At a rescue some years ago, I put one foot-sore boy in Epics with a half inch pad and off he went. First, he tested the walk, then trot, then extended trot, then all hell broke loose as he galloped off, kicking and bucking. This former racehorse hadn't broken out of a shuffle for five years!
There wasn't a dry eye at the gate.

Now I'd use the Rx Boot as there is more airflow and they are less expensive. I would however replace the quarter inch pad included with a half inch one. If there is no thrush, Equicasts are another option, particularly good for the owner who doesn't visit daily.

What if your horse walks off lame after a routine trim? Consider whether he was over-trimmed. Anyone can make a mistake but there are aggressive trimming styles that I don't recommend. You can not grow a good foot on a horse who is too sore to walk correctly. If a trimmer is repeatedly over-trimming, fire him.

One aspect of correct movement is a flat or heel-first landing at the walk and heel-first landing at other gaits. It's easy to spot a toe-first landing while walking your horse in sand. The toe kicks the sand up. I would be particularly concerned if I saw routine sole and frog trimming.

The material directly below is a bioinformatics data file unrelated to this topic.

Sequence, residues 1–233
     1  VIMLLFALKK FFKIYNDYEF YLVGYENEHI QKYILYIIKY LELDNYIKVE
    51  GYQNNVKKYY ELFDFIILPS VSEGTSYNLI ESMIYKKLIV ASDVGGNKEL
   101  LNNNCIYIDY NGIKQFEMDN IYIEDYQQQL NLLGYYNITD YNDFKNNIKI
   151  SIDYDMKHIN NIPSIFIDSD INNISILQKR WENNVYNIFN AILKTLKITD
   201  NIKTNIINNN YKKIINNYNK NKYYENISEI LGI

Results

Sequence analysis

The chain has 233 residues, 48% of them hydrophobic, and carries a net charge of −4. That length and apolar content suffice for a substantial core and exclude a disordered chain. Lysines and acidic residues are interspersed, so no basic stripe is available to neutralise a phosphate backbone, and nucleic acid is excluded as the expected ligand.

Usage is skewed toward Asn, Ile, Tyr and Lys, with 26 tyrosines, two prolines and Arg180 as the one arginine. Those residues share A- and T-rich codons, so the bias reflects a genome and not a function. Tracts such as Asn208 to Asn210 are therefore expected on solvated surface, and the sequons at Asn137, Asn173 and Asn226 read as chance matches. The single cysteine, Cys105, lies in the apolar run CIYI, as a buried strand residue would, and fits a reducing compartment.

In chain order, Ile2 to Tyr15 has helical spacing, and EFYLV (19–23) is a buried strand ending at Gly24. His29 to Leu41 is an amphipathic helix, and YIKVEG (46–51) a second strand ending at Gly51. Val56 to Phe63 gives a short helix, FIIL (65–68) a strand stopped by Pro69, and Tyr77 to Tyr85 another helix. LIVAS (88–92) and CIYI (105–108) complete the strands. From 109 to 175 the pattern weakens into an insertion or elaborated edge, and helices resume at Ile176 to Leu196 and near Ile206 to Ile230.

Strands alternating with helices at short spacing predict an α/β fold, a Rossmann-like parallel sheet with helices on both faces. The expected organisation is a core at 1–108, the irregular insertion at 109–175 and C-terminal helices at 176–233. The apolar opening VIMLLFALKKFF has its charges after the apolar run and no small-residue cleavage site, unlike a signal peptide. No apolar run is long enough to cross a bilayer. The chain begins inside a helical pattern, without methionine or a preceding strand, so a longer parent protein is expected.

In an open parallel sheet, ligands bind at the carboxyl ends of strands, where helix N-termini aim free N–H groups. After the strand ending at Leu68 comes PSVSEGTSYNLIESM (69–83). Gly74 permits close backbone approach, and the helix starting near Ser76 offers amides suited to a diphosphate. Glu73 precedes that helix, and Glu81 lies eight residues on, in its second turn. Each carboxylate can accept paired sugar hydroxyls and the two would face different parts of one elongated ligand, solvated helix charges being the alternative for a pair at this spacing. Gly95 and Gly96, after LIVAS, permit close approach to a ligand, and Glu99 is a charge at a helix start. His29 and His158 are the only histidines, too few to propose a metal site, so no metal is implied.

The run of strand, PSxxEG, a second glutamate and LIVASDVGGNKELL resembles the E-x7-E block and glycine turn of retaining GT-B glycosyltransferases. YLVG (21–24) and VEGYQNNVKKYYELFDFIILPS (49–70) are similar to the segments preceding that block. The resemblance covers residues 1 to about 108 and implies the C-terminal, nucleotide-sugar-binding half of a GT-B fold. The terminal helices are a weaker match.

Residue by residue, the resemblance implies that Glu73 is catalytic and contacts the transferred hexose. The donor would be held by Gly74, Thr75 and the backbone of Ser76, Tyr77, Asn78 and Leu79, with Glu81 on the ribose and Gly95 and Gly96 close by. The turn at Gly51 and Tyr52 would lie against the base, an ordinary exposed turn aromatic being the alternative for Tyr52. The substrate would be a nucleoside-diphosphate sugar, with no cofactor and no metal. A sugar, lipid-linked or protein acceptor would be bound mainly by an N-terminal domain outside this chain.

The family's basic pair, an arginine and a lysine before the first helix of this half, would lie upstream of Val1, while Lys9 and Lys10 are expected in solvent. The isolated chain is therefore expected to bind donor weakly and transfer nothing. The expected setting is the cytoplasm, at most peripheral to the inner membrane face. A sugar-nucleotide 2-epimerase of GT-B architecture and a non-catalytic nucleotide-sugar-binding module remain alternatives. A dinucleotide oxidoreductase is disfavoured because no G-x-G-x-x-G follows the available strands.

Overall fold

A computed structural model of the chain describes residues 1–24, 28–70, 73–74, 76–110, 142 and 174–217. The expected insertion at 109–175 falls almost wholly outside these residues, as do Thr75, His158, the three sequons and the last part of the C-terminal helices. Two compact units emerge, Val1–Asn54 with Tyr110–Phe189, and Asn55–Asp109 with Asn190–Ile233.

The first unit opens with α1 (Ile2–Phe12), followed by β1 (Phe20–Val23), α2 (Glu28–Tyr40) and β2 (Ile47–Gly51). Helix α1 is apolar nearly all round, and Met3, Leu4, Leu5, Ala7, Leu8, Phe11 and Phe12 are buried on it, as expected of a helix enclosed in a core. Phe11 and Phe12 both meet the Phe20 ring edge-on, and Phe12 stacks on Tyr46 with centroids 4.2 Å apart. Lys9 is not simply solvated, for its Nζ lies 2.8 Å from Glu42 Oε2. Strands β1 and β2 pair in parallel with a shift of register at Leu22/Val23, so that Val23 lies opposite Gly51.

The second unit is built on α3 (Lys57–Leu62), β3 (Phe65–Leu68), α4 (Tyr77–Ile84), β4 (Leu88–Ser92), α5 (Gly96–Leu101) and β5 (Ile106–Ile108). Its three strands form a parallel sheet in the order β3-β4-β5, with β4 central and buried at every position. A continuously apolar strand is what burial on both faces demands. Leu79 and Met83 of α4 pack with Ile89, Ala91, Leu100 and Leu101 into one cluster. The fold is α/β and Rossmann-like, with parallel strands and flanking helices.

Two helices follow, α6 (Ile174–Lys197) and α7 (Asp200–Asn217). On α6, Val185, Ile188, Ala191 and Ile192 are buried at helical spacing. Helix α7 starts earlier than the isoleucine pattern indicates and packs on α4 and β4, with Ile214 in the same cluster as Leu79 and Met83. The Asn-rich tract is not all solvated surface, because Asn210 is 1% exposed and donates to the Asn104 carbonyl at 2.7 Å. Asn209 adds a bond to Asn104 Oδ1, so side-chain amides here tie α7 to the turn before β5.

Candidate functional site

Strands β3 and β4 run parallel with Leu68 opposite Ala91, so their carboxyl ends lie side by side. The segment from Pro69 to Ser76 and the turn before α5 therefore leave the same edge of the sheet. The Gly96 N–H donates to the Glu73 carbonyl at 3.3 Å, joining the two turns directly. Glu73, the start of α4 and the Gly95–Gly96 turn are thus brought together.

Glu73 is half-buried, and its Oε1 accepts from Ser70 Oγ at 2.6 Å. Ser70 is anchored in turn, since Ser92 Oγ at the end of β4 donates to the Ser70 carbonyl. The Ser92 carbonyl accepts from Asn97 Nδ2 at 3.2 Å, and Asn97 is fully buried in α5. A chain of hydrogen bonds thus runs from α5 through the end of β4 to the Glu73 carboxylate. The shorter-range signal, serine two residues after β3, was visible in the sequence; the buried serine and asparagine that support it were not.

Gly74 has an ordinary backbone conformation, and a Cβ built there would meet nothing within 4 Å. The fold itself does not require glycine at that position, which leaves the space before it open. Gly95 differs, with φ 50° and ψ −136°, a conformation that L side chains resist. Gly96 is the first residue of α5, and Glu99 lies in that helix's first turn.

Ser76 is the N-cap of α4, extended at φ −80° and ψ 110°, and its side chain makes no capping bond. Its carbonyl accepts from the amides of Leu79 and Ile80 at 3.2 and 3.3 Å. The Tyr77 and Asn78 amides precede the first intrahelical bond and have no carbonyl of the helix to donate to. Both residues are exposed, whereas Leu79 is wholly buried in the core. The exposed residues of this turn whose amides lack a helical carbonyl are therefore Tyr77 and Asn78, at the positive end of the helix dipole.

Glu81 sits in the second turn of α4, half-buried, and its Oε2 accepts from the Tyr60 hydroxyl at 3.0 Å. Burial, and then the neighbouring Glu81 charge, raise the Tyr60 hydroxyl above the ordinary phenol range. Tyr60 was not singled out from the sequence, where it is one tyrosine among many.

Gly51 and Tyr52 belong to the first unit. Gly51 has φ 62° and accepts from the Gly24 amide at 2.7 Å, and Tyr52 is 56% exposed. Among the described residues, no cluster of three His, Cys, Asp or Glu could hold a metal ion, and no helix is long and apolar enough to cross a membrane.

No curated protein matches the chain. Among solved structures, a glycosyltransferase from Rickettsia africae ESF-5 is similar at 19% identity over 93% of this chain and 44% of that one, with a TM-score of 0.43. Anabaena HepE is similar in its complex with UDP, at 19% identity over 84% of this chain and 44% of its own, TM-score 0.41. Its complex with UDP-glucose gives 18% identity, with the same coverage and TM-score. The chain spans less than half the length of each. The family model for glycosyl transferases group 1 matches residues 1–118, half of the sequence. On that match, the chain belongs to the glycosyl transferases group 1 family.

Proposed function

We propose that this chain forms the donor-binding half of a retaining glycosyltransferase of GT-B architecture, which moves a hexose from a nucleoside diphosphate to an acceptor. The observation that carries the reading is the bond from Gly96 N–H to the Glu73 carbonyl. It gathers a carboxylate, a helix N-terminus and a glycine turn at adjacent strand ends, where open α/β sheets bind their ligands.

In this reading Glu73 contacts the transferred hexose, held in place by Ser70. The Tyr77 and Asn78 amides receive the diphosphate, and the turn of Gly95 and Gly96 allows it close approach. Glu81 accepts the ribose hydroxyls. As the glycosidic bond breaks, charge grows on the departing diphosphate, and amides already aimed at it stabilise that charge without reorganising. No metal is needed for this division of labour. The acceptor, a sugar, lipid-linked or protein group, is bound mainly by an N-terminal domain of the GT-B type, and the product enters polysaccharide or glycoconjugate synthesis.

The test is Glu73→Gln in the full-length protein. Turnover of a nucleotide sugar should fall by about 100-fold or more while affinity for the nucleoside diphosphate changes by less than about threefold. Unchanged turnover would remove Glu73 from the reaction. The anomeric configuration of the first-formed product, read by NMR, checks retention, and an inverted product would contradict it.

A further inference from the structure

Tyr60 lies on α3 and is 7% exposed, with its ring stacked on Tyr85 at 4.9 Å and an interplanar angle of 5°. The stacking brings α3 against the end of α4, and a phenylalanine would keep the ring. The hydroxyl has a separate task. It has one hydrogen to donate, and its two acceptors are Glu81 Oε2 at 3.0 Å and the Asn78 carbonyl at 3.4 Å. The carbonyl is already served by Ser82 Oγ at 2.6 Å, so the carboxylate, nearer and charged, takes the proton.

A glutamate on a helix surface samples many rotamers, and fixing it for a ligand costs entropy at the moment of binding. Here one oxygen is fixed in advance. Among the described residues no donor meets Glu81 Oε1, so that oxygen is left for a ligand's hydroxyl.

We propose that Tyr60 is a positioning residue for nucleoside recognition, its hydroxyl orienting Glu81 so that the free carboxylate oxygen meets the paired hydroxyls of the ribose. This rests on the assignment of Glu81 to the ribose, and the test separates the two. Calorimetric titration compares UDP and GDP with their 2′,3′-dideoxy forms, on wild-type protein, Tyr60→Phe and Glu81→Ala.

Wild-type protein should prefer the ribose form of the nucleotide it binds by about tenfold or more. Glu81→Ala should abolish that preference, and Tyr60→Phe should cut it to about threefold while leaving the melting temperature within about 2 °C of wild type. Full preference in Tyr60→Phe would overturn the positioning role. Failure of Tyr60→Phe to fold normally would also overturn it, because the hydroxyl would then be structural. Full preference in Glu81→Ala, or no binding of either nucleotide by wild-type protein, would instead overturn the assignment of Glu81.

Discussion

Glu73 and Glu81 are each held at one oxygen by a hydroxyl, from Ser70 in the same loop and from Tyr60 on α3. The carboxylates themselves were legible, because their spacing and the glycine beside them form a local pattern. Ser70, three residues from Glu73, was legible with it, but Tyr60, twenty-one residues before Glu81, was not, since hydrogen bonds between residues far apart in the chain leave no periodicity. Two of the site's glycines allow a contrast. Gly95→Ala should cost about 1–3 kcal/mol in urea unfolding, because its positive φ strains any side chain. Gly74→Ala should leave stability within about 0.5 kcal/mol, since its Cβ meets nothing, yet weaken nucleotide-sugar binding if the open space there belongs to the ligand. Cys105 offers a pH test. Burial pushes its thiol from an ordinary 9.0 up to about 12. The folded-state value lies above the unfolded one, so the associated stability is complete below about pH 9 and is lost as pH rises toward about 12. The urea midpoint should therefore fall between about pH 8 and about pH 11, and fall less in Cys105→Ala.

If one more person asks me when her horse can go on rocks, I am taking myself out to the back shed! If your horse lives on rocks, he will adapt. If not, BOOT. Horses adapt to what they live on.
Thin, shelly racehorse feet easily crack.

Chipping: Thin, shelly racehorse hoof wall with lots of laminitic rings easily cracks. You can grow a well connected hoof (wall to coffin bone) in one hoof growth. But it takes a few capsule growths to get a thick, healthy wall.

Another great Thoroughbred foot.

Another great Thoroughbred foot. Smooth walls devoid of lamintic rings. Mustang Roll on the ground has replaced the chipping. As for shape, it is definitely a more upright foot. Notice the more cone shaped hind feet. This is the foot the horse wants.

3. After the shoes come off, hoof walls chip
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If your horse is coming out of shoes, you should absolutely expect the hoof wall to chip. Chipping is a good thing. There is no way your horse can gallop on walls with holes in them. I promise you that the hoof will not fall off. Wall chipping is similar to growing out your own nails after wearing polish for a long time. Nails chip and flake until the unhealthy bit is grown out. Once you get past the nail holes, you should be in good shape.